When I heard that Trayvon Martin was killed, and that his killer was claiming Florida’s stand your ground defense, that law peeked my interest. I had not heard of stand your ground and wanted to know of other cases in Florida where the defendant claimed that defense.
Among the cases I found was that of Trevor Dooley. On January 23, 2013, I wrote an article on the significance of the Dooley decision. It is a Florida case where the defendant claimed self-defense.
I expected that Dooley would prevail on his claim of stand your ground because of testimony that Dooley retreated when David James came up behind him, knocking him to the ground. Dooley shot and killed David James.
At trial, prosecutors argued that Dooley could not claim that he stood his ground because he broke the law by showing his gun to the victim, thereby committing the crime of unlawful exhibition of a weapon.
In November 2012, Dooley was found guilty of manslaughter and sentenced to 8 years in prison. He remained free on bond until his first appeal was denied and on November 2014, Dooley began serving his prison time.
After the verdict in Dooley’s case, and when I wrote the first article about the case, it was my position that the jury applied the facts to Florida law from the beginning, finding that if not but for the fact that Trevor Dooley left his garage with a loaded gun and approached David James for mouthing off at him, the two would not have come into physical contact. If Dooley was truly the initial aggressor, then the jury should find the same in George Zimmerman’s case.
In George Zimmerman’s case however, Judge Debra Nelson omitted the part of initial aggressor from the jury’s instructions because the defense asked her to.
Tampa Bay Times reports that now, Trevor Dooley gets a new trial because the 2nd District Court of Appeal found that the wording in the jury instructions on the justifiable use of deadly force was “erroneous.”
The 2nd District Court of Appeal also found that the state was wrong — that “stand your ground” doesn’t depend on whether or not a person is “engaged in unlawful activity.”
Dooley, who is now 73-years old, is being returned to Hillsborough County and his lawyer said he will be eligible to be freed on bond pending the new trial.
This is Dooley’s second appeal. On his first appeal in 2014, the court said that the attorney handling that appeal should have raised the error in the jury instructions about self-defense. The jury’s instructions included; Read the rest of this entry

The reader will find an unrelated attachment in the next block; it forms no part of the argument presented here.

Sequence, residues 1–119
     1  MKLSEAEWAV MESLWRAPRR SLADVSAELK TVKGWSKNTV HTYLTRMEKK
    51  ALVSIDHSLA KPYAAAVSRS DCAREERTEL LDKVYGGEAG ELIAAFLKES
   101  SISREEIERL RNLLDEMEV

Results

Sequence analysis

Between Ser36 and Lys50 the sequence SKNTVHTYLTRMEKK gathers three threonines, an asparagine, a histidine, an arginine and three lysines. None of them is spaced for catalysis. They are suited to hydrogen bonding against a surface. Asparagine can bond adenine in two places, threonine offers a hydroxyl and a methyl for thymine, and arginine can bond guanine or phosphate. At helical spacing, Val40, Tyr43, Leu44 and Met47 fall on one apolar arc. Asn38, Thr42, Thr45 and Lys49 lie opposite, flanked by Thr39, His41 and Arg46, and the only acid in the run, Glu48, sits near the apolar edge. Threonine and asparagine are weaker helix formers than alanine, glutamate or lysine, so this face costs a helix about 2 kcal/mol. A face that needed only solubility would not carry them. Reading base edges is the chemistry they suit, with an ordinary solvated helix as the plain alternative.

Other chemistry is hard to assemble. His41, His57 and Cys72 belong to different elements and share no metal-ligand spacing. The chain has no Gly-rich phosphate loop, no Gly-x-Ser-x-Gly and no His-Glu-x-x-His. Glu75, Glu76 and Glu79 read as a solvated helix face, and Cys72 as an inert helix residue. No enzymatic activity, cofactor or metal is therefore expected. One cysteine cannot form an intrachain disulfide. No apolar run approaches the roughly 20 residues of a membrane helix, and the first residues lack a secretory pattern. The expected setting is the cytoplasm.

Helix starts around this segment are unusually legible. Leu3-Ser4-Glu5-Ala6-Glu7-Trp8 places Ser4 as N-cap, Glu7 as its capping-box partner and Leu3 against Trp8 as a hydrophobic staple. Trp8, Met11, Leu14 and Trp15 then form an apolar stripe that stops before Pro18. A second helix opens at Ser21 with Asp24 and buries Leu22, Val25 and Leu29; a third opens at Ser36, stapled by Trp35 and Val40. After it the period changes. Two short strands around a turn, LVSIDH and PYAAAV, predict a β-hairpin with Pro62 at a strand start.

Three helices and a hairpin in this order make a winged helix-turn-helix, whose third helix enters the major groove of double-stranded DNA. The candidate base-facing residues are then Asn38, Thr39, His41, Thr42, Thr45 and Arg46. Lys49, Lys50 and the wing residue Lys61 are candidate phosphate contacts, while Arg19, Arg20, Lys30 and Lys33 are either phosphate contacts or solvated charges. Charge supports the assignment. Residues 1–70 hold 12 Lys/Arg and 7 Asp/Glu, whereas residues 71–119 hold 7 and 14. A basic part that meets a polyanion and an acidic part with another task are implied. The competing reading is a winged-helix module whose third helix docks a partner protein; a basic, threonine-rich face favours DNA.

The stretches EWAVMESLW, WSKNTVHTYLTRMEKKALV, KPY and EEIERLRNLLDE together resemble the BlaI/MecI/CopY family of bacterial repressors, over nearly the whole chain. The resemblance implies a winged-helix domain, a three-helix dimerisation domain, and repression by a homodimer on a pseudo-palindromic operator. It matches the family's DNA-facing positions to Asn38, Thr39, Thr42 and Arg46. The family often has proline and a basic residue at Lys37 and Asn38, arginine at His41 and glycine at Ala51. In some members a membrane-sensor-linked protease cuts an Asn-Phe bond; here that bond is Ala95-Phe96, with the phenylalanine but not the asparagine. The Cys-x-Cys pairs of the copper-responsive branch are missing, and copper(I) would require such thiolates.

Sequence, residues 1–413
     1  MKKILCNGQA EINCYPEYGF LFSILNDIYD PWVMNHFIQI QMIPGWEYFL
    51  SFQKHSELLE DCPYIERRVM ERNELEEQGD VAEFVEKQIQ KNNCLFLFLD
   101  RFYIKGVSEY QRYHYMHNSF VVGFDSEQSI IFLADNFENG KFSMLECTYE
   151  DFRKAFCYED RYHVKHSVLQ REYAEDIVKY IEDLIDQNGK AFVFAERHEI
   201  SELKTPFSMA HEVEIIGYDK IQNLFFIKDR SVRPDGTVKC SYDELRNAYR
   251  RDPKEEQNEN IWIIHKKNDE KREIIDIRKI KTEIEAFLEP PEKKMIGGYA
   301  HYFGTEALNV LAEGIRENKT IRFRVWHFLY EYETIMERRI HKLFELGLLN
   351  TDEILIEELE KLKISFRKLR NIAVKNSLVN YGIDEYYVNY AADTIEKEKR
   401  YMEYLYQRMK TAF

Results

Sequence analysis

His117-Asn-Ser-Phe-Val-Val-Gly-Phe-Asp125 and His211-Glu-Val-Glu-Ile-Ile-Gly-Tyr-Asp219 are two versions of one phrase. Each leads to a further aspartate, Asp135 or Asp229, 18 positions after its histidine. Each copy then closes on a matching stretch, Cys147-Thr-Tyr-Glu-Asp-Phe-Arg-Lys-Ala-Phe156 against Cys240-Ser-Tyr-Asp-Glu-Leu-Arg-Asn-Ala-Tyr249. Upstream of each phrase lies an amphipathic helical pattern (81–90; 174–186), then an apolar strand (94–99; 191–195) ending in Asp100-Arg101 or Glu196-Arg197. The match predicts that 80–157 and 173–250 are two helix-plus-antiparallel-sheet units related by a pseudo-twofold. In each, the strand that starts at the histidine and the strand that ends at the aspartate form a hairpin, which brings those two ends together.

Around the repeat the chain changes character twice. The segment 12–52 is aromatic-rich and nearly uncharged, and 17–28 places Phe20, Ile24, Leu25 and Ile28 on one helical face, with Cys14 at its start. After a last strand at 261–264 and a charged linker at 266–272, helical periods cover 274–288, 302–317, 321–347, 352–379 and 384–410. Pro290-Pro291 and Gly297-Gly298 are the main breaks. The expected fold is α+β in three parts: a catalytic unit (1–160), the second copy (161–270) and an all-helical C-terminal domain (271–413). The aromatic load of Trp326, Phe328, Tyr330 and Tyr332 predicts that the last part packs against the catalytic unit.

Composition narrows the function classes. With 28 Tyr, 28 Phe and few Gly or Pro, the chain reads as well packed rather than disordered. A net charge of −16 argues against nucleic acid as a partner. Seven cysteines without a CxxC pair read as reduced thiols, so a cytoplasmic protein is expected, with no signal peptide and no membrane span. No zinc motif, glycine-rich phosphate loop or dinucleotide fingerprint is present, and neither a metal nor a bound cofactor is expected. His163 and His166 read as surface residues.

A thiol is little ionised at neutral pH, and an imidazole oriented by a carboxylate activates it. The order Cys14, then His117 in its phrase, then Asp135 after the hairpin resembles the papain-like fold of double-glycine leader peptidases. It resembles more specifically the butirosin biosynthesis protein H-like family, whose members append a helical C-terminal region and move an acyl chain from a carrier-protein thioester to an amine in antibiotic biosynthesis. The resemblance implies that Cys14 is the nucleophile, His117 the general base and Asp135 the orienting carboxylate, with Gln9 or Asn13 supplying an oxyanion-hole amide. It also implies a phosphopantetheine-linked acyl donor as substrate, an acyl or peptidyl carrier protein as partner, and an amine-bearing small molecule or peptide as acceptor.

Since the George Zimmerman case, Florida’s Stand Your Ground (SYG) law has grabbed worldwide attention. Florida requires that those applying for conceal carry licenses attend classes. However, as we learned from the jurors in Zimmerman’s case, there are Florida citizens who have concealed carry licenses who do not understand SYG law. This brings forth more interest as we watch Florida courts decide SYG or self-defense cases. Read the rest of this entry
Florida is not the only State that has conceal carry of guns and stand your ground law, but this nation’s most recent experience in the injustice committed upon Trayvon Martin brings the spotlight upon the State of Florida. I would like to add the Trevor Dooley and Marissa Alexander cases to the reasons for why cruises boarding in Florida should be boycotted. Juries in the State of Florida have one stand your ground law for White defendants, and another stand your ground law for Black defendants.
We await to see if Michael Dunn, charged with the murder of unarmed 17-year old Jordan Davis, and also charged with attempted murder of others who were in the vehicle with Jordan, will be judged by the written law, or acquitted by racist jurors.
The Soul Train cruise is scheduled to leave Ft. Lauderdale in February 2013. Those disagreeing with any or all of the three aforementioned cases should boycott the Soul Train cruise and all other cruises leaving out of Florida, and encourage their friends and relatives to do the same. This will be a most difficult decision for those honoring what Soul Train stands for, but we need to make a powerful, economic statement.
Airlines flying into Florida, and cruise ships boarding in Florida, will feel the economic effect.
A current list of performers who have joined Stevie Wonder in boycotting Florida includes:
Mary Mary; Eddie Levert; Rod Stewart; Madonna; Usher; Pattie Labelle; Kanye West; Mary J; Rolling Stones; Justin Timberlake; R. Kelly; Rihanna; Alicia Keys; Joe; WillIAM; Keyshia Cole; Erykah Badu; Frankie Beverly; and Parliament. Let those of us who can, join their efforts beginning by boycotting cruises boarding in the State of Florida.
On January 23, 2013, I wrote an article on the significance of the Dooley decision. It is a Florida case where the defendant claimed self-defense. Trevor Dooley was found guilty of manslaughter. His case is currently on appeal.
When I first heard of the Dooley case, I expected that he would prevail on his claim of Stand Your Ground because of testimony that Dooley was walking back to his house when David James came up behind him, knocking him to the ground.
After the verdict and when I wrote the article, it was my position that the jury applied the facts to Florida law from the beginning, finding that if not but for the fact that Trevor Dooley left his garage with a loaded gun and approached David James for mouthing off at him, the two would not have come into physical contact.
Likewise, I said that if not but for the fact that George Zimmerman got out of his car with a loaded gun to follow Trayvon, the two would not have come into physical contact. It was my position that the Zimmerman jury would find him guilty of 2nd degree murder, or manslaughter, by applying the law of initial aggressor to the facts.
I was wrong. Read the rest of this entry
In September 2010, then 69-year-old Trevor Dooley shot and killed 41-year-old David James. Dooley claimed that he shot James in self-defense. Two days later, Dooley was arrested and charged with manslaughter with a weapon, improper exhibition of a dangerous weapon or firearm, and open carrying of a weapon.